Fighting Parkinson’s, and kindness, compassion, and Thanksgiving 2013

Congratulations — you are down to the last 3 days of the November to Remember, No Excuses November, 30-day challenge 2013 to do the scaled-down version of the Parkinson’s Recipe for Recovery®. Also, here in the States, we are preparing for Thanksgiving tomorrow. For many, it will be a time for seeing relatives and friends. There is much for which to be thankful, and I feel we all know this. However, a big part of making this Thanksgiving holiday wonderful and memorable, is the addition of one ingredient that you do not eat…compassion…for others and for yourself.

Thanksgiving is a good time to give thanks and gratitude, but also, it is a good time to revisit kindness and compassion. I am re-posting here the critical information from former posts on kindness and compassion:

Prior to my recovery from Parkinson’s Disease, the only other person I had met who had Parkinson’s was my mother. She was one of the kindest, most giving people you ever would have had the pleasure of knowing…kind and giving to others…not herself. Over the last few years, I have met with, spoken to, Skyped with, and exchanged emails with, hundreds of people with Parkinson’s. You are some of the kindest and most giving people I have met…kind and giving to others…not yourselves. I was the same way. Part of this recovery is learning to be kind to yourself.

We tend to put additional pressure on ourselves to be better at everything than anybody else. It is that drive for the unattainable perfection that helped us bring our Parkinson’s symptoms to the surface in the first place…we are doing our absolute best, but we still feel it is not good enough. On the other hand, we are accepting, and kind, and giving to those around us who are doing their best and not being perfect. Something in our minds says, “It is okay for them to be less than perfect because I am going to be perfect enough for all of us.”

And, as a result of the expectation that we have to be perfect, we never stop thinking and thinking and thinking and thinking and thinking…our Adrenaline-mode minds do not stop. Because, to be perfect, we realize at some level that there are multiple exceptions that go to every rule, and there are multiple corollaries that go to every theorem, and there are multiple options that go with every choice…and we have to run them all down and solve them all, and they keep branching out into more exceptions and more corollaries and more options, and you can see where this cycle goes…it is endless.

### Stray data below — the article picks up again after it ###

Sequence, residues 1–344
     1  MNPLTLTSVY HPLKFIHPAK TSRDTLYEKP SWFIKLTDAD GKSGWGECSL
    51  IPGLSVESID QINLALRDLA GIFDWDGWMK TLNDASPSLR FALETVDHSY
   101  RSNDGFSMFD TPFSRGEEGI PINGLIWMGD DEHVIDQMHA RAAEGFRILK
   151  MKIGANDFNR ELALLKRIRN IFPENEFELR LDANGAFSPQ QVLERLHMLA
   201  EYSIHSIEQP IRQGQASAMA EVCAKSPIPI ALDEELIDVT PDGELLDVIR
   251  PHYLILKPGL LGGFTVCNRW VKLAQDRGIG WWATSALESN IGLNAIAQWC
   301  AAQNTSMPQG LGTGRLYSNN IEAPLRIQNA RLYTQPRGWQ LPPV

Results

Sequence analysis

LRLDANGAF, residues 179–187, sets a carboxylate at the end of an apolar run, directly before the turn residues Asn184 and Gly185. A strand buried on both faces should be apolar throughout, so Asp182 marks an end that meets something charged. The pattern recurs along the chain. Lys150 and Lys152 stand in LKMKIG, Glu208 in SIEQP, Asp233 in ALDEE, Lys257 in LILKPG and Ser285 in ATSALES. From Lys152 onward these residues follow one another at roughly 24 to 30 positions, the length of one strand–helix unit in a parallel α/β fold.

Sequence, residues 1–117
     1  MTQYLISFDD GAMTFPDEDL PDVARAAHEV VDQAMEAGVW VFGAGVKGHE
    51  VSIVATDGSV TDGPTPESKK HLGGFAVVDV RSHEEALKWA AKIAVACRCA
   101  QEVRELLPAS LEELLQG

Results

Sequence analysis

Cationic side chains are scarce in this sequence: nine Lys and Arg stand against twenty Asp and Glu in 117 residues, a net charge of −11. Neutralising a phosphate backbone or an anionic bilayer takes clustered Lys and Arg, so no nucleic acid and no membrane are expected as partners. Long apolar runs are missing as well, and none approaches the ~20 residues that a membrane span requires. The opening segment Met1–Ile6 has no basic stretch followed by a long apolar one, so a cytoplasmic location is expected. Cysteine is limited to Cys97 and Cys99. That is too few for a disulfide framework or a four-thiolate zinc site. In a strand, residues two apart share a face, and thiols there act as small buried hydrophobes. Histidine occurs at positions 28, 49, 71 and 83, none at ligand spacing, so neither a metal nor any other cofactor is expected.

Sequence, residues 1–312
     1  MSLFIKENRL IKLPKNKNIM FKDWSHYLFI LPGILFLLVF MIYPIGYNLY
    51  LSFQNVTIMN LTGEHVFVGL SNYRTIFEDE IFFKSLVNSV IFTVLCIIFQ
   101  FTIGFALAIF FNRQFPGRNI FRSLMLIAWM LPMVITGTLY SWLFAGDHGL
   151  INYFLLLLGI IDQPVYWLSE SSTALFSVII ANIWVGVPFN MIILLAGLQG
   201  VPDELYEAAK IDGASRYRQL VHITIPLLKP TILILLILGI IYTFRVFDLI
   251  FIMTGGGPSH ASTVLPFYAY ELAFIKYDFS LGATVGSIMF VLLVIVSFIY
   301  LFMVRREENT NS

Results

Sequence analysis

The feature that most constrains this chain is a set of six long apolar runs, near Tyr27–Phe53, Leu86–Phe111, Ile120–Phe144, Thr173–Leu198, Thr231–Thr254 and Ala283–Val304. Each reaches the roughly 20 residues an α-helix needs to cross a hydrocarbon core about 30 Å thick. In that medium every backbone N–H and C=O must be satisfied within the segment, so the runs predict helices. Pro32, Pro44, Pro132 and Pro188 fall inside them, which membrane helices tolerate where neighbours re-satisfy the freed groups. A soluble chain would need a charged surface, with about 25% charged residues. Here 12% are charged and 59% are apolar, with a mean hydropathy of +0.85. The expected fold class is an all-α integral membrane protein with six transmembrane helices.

For those of you without Parkinson’s, this scenario may seem strange and stressful. For those of you with Parkinson’s, I know many of you are reading this and thinking, “So, what’s your point. This is how things work, no big deal.” Here is my point: Thinking this way is a BIG DEAL! It cuts across all three causes of what brings Parkinson’s to the surface as diagnosable symptoms.

It causes anger and frustration and resentment and stress and anxiety because we simply cannot solve every problem and every scenario. First, we get angry at the situation, and second, we get angry at ourselves for being less than perfect and not “having all the answers.”

The anger and frustration and resentment and stress and anxiety make it difficult to eat properly and we suffer from dietary disaster. Solving all these problems becomes more important than what or when or how we eat.

We burn the candle at both ends and in the middle and our mind never stops thinking, which completely wears it down and upsets our bodies’ natural rhythms.

So, how do we reverse this mess? Begin by being kind to yourself.

How to begin the process of being kind to yourself:
1. Look in the mirror and say, “I am not perfect.” For many of you, I know this will take some courage and resolve. The rest of us will patiently wait while you go take care of this. It is that important!
2. Go back to the mirror and say, “I do not have to be perfect.”
3. I know, lots of time in the mirror — Go back to the mirror and say, “When I am doing my best, it IS good enough.” This one seems logical, but it is not. Many of you have told me, “I am doing my best, but I do not think it is good enough.” Your best is your best; you cannot do any better than that. Be kind to yourself and accept that if you are doing your best, it is the best you can do, and it is good enough.

That is the formula to being kind to yourself. When somebody else falls short of an accomplishment, we offer them compassion and comfort and say, “That’s okay, you did your best, you have nothing to be ashamed of. It just wasn’t meant to happen.” Being kind to yourself means offering yourself the exact same compassion and comfort you offer others in the same circumstances.

These are critical lessons if you want to be successful with the Recipe for Recovery and with your recovery. Here is why: